The Technical University of Kenya (TUK) and the Technical University of Mombasa (TUM) are also set for increased funding next year. TUK, which has 8,636 students, received Sh1.07 billion this year and will get Sh1.2 billion next year. TUM, with 4,520 students, received Sh770 million this year and is set to get some Sh793 million.

University of Eldoret, with 14,275 students, was allocated Sh1.1 billion and is set to get Sh1.5 billion next year.

Smaller universities, which have always complained of meagre funding because of their small student numbers, are also set to get allocations commensurate with the programmes and their student numbers.

Machakos University College, for instance, which has 5,056 students, received Sh338 million. But in next year’s budget, it has been allocated Sh660 million, nearly double what it was allocated this year.

Details of enrollment

Hashtag has established that the government already ordered for fresh disclosure of students’ enrollment complete with finer details of enrolment dates and expected time of exit.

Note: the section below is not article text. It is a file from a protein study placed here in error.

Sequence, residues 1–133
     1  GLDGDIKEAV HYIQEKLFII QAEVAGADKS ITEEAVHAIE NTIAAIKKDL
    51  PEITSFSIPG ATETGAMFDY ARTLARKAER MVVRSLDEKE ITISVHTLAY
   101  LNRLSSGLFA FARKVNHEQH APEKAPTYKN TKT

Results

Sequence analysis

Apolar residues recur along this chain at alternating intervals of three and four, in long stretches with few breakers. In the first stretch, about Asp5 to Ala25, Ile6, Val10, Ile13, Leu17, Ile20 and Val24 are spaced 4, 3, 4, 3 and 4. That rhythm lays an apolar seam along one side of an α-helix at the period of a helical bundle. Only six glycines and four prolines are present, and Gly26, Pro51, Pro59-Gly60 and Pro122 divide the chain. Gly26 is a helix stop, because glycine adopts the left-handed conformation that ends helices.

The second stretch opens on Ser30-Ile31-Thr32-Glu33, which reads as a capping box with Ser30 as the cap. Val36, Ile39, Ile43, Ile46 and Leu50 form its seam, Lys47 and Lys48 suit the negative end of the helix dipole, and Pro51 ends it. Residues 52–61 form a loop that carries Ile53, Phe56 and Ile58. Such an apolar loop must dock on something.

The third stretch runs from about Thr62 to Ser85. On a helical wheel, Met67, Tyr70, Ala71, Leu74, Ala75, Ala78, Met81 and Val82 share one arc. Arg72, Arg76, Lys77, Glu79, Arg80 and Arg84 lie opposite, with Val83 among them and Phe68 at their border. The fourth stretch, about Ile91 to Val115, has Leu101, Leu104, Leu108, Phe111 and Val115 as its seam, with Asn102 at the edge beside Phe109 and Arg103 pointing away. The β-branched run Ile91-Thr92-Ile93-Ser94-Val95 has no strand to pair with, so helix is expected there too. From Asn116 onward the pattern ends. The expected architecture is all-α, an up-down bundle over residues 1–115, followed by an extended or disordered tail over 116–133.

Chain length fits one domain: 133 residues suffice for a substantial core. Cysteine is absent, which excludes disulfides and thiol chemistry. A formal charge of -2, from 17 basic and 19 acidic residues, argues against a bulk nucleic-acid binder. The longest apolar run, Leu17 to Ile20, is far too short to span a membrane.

“The universities were asked to file fresh enrolment figures to include names of students, programmes they pursue and date of enrolment. This is aimed at updating the numbers from the institutions,” said an insider.

The official, who is privy to the details, said: “This caused a lot of jitters among the managements because each institution gives figures based on the need. If it is for purposes of money allocations, they give higher figures. And if it is for purposes of allocating them more module one students, they provide the shortest list,” said the official.

In an earlier interview, Prof Francis Aduol, the chairman of the Vice Chancellors Committee of Public Universities in Kenya, admitted universities are facing hard times.

He, however, said the solution to the financial crisis lies in full implementation of the differentiated cost unit report.

Funding these programmes will, however, not be the sole responsibility of the government as some will come from donors and monies generated by universities.